Different ways of exploiting the flaw have been widely spread too
Out of the thousands of plugins for the jQuery framework, one of the most popular has hosted for at least three years an oversight in the code that remained hidden for the cybersecurity and digital forensics community, despite the availability of tutorials explaining how it could be exploited.
The vulnerability affects the jQuery File Upload widget, widely used, and allows an attacker to load arbitrary files on web servers, including shell commands to send commands.
Security Update enabled vulnerability 8 years ago
Larry Cashdollar, a digital forensics expert, found the flaw by analyzing the widget’s code and was able to load a web shell and execute commands on a test server that he set up.
Along with Sebastian Tschan, the plugin developer, the investigator discovered that the flaw was caused by a change introduced in Apache 2.3.9, which deactivated by default the .htaccess files that stored the security settings related to the folder. Unless the administrator had enabled it manually, the .htaccess files were omitted.
One reason for this was to protect the administrator system configuration by preventing users from customizing security settings in individual folders. Another reason is to improve performance, because the server no longer had to check the .htaccess file when accessing a directory.
After Apache 2.3.9., plugins that use .htaccess files to impose access restrictions no longer benefit from the custom folder access security settings. This was also the case with jQuery File Upload, which adds files to a root directory.
Tracked as CVE-2018-9206, the encoding vulnerability is no longer present in the latest version of jQuery File Upload. Digital forensics experts changed the code to allow only the types of GIF, JPG, JPEG, and PNG image files by default. Tschan provided instructions on how to enable more content without running security risks.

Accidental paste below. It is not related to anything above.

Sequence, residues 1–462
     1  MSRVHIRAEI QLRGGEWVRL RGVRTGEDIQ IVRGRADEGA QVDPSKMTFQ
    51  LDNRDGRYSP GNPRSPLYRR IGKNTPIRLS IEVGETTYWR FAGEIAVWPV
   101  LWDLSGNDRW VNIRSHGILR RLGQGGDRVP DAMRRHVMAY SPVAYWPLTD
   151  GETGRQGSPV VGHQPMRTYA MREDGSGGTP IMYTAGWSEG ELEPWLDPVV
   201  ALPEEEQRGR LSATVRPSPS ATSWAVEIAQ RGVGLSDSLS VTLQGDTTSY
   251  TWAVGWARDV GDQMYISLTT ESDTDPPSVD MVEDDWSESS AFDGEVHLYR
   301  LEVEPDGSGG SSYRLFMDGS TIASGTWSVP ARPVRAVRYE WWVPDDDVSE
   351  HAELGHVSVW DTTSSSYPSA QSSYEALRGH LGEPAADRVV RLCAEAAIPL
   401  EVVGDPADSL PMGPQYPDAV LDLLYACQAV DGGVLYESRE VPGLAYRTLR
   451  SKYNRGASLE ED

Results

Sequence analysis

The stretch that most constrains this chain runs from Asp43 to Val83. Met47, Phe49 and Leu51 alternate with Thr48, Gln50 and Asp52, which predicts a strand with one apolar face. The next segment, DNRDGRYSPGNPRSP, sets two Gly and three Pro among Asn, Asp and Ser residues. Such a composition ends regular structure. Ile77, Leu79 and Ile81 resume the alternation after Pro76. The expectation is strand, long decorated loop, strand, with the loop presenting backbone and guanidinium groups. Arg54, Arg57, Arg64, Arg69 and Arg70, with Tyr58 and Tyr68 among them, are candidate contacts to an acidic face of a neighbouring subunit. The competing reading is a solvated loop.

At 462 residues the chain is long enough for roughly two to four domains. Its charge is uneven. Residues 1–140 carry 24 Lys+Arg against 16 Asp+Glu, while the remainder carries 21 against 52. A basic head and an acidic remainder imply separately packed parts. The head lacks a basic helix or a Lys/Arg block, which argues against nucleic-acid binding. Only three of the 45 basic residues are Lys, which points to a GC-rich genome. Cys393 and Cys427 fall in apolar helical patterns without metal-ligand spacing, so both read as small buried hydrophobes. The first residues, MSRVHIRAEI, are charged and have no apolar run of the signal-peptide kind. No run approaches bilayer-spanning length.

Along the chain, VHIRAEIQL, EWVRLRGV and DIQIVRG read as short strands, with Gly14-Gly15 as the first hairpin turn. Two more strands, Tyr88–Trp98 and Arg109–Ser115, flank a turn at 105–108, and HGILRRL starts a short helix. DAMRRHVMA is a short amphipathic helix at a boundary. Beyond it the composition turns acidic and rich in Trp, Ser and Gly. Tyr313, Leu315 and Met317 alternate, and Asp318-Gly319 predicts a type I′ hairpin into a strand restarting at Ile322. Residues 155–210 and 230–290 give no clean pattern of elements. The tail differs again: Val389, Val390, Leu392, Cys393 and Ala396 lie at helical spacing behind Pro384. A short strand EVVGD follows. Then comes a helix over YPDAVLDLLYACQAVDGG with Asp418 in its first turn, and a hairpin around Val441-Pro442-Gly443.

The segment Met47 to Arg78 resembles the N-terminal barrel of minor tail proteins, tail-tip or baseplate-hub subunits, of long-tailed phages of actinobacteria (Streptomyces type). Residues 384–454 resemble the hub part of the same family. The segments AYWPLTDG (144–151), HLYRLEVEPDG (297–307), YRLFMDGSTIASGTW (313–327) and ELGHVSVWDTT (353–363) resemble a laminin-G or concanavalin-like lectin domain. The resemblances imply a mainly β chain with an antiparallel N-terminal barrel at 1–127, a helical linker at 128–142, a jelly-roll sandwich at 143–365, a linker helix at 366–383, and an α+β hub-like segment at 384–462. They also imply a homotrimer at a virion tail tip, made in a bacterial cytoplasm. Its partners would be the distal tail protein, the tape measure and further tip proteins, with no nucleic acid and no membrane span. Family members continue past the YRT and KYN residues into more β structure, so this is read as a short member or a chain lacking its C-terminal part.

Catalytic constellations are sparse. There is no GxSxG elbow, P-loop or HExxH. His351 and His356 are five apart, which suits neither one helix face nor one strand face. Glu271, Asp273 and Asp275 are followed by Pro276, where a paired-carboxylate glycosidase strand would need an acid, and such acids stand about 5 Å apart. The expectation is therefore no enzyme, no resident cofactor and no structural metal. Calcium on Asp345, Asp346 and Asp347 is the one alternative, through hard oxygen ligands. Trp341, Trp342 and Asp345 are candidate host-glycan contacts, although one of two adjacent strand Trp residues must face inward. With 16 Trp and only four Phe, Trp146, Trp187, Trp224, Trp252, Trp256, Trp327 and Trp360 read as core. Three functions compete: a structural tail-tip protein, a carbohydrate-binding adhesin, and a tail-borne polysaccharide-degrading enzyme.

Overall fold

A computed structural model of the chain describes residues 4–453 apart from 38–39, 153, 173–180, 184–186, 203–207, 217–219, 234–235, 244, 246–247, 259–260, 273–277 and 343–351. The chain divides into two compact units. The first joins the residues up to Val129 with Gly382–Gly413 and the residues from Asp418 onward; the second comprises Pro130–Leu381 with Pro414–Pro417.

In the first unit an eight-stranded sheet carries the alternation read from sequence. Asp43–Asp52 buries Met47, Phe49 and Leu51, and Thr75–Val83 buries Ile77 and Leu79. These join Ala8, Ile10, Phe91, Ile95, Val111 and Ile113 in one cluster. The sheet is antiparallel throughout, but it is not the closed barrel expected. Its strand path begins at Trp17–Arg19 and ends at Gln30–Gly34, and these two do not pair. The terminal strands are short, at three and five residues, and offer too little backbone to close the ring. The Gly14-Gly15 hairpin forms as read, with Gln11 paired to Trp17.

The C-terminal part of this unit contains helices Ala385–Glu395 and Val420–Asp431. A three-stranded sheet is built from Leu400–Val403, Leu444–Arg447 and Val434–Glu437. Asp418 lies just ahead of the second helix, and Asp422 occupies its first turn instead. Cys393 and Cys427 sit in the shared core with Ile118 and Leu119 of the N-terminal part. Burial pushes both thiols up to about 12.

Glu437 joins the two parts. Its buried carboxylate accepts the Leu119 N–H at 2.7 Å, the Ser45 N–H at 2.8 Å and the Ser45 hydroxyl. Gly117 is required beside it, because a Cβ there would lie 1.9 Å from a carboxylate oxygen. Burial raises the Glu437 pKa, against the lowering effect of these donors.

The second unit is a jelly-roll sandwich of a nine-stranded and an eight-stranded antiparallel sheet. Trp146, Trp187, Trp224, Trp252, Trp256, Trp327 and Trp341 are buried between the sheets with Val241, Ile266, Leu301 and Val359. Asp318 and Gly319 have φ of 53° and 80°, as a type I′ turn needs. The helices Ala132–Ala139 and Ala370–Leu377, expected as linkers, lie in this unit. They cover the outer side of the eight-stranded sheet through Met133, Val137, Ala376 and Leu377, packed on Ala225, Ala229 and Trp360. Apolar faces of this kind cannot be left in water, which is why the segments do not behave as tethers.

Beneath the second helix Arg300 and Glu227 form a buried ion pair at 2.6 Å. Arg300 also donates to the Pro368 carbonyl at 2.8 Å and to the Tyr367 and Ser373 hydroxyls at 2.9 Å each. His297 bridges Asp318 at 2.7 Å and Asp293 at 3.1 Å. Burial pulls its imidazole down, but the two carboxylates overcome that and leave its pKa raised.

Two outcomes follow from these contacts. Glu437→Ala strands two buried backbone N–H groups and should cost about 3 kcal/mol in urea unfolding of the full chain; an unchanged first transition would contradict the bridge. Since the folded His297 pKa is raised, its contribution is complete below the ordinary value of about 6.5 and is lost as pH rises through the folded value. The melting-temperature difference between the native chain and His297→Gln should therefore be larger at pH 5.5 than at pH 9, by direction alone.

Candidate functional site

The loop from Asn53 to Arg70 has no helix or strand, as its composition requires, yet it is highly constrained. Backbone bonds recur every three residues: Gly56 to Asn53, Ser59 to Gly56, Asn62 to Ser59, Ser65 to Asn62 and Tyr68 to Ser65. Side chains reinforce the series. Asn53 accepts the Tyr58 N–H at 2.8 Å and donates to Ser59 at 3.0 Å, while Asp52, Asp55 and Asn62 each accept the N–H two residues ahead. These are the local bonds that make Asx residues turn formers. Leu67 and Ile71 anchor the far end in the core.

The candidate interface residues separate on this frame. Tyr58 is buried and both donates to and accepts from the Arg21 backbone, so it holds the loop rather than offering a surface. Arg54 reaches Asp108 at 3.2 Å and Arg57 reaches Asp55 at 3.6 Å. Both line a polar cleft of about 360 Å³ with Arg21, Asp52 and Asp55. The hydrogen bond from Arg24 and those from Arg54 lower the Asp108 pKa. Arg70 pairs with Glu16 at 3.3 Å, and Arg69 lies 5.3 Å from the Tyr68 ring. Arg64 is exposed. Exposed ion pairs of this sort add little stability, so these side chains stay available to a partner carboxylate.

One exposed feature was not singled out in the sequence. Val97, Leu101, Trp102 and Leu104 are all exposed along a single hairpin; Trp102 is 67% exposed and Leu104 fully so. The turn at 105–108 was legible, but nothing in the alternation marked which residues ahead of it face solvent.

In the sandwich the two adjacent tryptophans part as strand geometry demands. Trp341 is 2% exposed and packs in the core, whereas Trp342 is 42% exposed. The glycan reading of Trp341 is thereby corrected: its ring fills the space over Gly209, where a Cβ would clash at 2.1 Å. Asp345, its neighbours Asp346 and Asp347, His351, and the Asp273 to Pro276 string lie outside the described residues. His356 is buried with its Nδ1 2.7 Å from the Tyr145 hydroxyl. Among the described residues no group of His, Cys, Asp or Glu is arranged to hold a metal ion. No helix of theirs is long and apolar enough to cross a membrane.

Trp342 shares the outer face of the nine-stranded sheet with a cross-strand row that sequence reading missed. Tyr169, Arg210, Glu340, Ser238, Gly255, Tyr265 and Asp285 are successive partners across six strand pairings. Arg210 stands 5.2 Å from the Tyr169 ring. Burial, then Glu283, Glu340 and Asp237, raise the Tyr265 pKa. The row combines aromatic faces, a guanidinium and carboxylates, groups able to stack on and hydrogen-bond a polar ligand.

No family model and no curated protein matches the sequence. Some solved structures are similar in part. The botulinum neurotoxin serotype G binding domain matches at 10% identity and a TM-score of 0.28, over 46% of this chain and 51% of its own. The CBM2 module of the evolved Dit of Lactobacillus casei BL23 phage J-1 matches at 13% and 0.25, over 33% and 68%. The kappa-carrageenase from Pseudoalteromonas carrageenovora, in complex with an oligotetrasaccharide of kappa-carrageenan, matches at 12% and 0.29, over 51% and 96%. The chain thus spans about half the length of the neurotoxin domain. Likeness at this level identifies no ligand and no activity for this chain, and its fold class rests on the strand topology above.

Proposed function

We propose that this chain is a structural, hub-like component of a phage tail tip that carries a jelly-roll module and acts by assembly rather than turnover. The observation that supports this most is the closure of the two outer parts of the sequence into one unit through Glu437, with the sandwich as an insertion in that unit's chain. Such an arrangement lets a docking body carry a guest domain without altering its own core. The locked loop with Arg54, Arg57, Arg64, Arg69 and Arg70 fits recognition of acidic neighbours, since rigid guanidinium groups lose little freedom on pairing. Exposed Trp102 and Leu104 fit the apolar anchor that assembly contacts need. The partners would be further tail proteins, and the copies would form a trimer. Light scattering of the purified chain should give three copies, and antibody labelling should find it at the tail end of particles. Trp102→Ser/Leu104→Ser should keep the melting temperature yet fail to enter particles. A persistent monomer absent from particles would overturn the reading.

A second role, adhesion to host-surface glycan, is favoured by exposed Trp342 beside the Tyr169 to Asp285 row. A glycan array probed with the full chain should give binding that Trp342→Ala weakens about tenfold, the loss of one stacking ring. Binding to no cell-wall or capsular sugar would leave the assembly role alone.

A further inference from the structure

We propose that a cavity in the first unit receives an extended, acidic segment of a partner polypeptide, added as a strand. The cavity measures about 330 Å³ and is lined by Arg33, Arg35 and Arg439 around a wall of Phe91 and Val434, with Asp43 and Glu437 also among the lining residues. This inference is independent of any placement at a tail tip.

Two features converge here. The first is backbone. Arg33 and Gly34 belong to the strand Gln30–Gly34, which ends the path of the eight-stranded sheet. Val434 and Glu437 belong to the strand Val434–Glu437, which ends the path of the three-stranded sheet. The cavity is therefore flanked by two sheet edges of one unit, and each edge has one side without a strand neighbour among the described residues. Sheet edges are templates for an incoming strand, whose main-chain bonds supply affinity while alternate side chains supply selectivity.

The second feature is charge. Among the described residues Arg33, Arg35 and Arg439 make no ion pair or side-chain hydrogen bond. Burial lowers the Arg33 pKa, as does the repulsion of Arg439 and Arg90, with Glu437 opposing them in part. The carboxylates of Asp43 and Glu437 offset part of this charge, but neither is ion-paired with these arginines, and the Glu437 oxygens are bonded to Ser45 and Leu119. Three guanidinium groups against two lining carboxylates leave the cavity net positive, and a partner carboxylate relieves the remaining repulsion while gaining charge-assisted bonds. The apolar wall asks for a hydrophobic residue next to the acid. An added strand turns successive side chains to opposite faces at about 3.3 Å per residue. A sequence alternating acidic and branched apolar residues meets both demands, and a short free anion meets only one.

The flaw spread to other projects
The popularity of jQuery File Upload provoked thousands of derivative projects; many of them used the defective code. There are over 7.8k variations at this time, and Cashdollar says there are cases where vulnerabilities are present, even if the original code was modified to meet custom needs.
The investigator came to this conclusion after reviewing some of the forks, where he noticed three common variations. Later he created a proof of concept of the exploit trying to find one of the differences and to load a PHP shell.
“I’ve done some tests with the 1000 branches of the original code and it seems that only 36 were vulnerability-free. I found that they only needed a small modification in the exploit to work in most cases”, says Cashdollar.
jQuery File Upload has remained vulnerable since the launch of Apache 2.3.9., eight years ago. On the other hand, this flaw did not go unnoticed all this time; moreover, the method to exploit it has been widely disseminated for at least three years.
A 2015 video, even available on Youtube, details the instructions on how to find vulnerable websites and how to modify them. More recent vulnerability videos are also available.
Working as a cyber security solutions architect, Alisa focuses on bug bounty and network security. Before joining us she held a cyber security researcher positions within a variety of cyber security start-ups. She also experience in different industry domains like finance, healthcare and consumer products.